Case Method in the Classroom, Part 2

A post from Maureen Reed, Director of the Learning and Teaching Office:

I have recently been reading about case methods in teaching.  Those that use them cite their many benefits.  These benefits include teaching students to apply theory to practice, helping students see more than one point of view, allowing them to test potential solutions to real world problems, helping them to support an argument with facts, and increasing interest in a topic through problem solving.  In general, a case is a problem faced by a group, individual, or institution.  Good cases are realistic, open ended, and allow for more than one solution.

One thing I did not realize is that there are many types of cases that can be used.  In some instances a faculty member can give a very long case to their class that takes the entire term to resolve.  These cases are often purchased, but our Library does have access to some of these cases for free.  These longer cases tend to be most often used in business programs.  There are also shorter cases that are successive in nature.  As students come up with a solution, more information is given.  These cases are often used in the health field to prepare students for altering diagnoses due to changes in symptomology.

Any faculty member can create small cases in their own field, just following the simple structure that as students postulate a solution, they receive more information.  These cases would work in studying things like the stock market, epidemiology, the environment, or any topic where changes can happen quickly.  Some cases are simply small paragraphs where a problem is described and students work in groups to form a solution. In these cases the faculty member often gives some guided questions to direct the group discussion.

Recently I learned of three types of cases that require students to defend positions that might not be their own.  First there are debate cases where students debate the pros and cons of a given outcome. Second, forced choice cases, where multiple choice solutions are given and each group of students must support one of the outcomes, stating the benefits and overcoming difficulties with the solution.  And third, role-play cases, where students take on a character and must articulate and defend the character’s opinion.  I actually conducted one of these role playing cases in class for a full semester where students had to take on the character and opinions of historical figures in psychology.  I think this was one of my most rewarding teaching experiences.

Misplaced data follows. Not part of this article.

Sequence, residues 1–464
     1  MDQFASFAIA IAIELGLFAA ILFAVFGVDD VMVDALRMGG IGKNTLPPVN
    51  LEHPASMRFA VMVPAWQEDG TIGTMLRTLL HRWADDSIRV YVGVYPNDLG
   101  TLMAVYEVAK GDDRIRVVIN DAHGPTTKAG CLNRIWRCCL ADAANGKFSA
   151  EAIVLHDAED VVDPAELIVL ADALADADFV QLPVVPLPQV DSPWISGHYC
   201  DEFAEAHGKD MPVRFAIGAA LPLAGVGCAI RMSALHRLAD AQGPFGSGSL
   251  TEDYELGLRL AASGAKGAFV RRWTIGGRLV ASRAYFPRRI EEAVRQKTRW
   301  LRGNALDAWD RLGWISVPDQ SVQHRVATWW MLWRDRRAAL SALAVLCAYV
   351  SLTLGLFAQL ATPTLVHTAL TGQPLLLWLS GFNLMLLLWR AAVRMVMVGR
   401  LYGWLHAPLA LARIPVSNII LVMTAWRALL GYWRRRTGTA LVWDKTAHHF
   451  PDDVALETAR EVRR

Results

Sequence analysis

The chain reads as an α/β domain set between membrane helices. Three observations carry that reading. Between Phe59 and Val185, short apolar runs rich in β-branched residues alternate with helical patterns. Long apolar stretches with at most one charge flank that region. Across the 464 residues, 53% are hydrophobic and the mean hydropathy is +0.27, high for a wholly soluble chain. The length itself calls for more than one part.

There are many more types of cases and the some listed here and others can be found in Daniel Schneider’s wiki.  Dr. Schneider says his wiki is not complete, but it does offer a good introduction.  I do think that cases offer us an opportunity to make our courses feel experiential and my experience has been that students become very engaged in them.  Cases require students to start applying critical thinking skills and I believe that is a goal that we have for most of our courses.  You can learn even more about case methods by visiting our case methods resource page.

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